Dysbiosis Anticipating Necrotizing Enterocolitis in Very Premature Infants

Kathleen Sim, Alexander G Shaw, Paul Randell, Michael J Cox, Zoe McClure, Ming-Shi Li, Munther Haddad, Paul R Langford, William O.C.M Cookson, Miriam F Moffatt, J. Simon Kroll

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103 Citations (Scopus)
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Abstract

Background. Necrotizing enterocolitis (NEC) is a devastating inflammatory bowel disease of premature infants speculatively associated with infection. Suspected NEC can be indistinguishable from sepsis, and in established cases an infant may die within hours of diagnosis. Present treatment is supportive. A means of presymptomatic diagnosis is urgently needed. We aimed to identify microbial signatures in the gastrointestinal microbiota preceding NEC diagnosis in premature infants.

Methods. Fecal samples and clinical data were collected from a 2-year cohort of 369 premature neonates. Next-generation sequencing of 16S ribosomal RNA gene regions was used to characterize the microbiota of prediagnosis fecal samples from 12 neonates with NEC, 8 with suspected NEC, and 44 controls. Logistic regression was used to determine clinical characteristics and operational taxonomic units (OTUs) discriminating cases from controls. Samples were cultured and isolates identified using matrix-assisted laser desorption/ionization–time of flight. Clostridial isolates were typed and toxin genes detected.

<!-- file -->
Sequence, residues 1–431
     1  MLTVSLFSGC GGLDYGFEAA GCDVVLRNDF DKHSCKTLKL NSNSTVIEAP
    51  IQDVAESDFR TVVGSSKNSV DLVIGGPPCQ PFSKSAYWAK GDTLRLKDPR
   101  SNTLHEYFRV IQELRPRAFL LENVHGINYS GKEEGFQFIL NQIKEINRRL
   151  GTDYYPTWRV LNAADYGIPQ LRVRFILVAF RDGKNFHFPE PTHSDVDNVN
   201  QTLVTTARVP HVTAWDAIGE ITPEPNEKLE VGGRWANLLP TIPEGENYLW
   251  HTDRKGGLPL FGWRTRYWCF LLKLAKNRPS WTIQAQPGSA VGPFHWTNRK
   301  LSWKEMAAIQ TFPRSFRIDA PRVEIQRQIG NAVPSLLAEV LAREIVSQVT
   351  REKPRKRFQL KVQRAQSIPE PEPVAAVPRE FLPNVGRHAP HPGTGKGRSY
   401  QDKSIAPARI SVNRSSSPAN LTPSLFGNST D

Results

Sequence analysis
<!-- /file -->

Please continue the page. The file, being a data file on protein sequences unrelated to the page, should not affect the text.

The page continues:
Results. A clostridial OTU was overabundant in prediagnosis samples from infants with established NEC (P = .006). Culture confirmed the presence of Clostridium perfringens type A. Fluorescent amplified fragment-length polymorphism typing established that no isolates were identical. Prediagnosis samples from NEC infants not carrying profuse C. perfringens revealed an overabundance of a Klebsiella OTU (P = .049). Prolonged continuous positive airway pressure (CPAP) therapy with supplemental oxygen was also associated with increased NEC risk.

Conclusions. Two fecal microbiota signatures (Clostridium and Klebsiella OTUs) and need for prolonged CPAP oxygen signal increased risk of NEC in presymptomatic infants. These biomarkers will assist development of a screening tool to allow very early diagnosis of NEC.
Original languageEnglish
Pages (from-to)389-397
Number of pages9
JournalClinical Infectious Diseases
Volume60
Issue number3
Early online date23 Oct 2014
DOIs
Publication statusPublished - 1 Feb 2015

Keywords

  • necrotizing enterocolitis
  • NEC
  • fecal microbiota
  • premature infant

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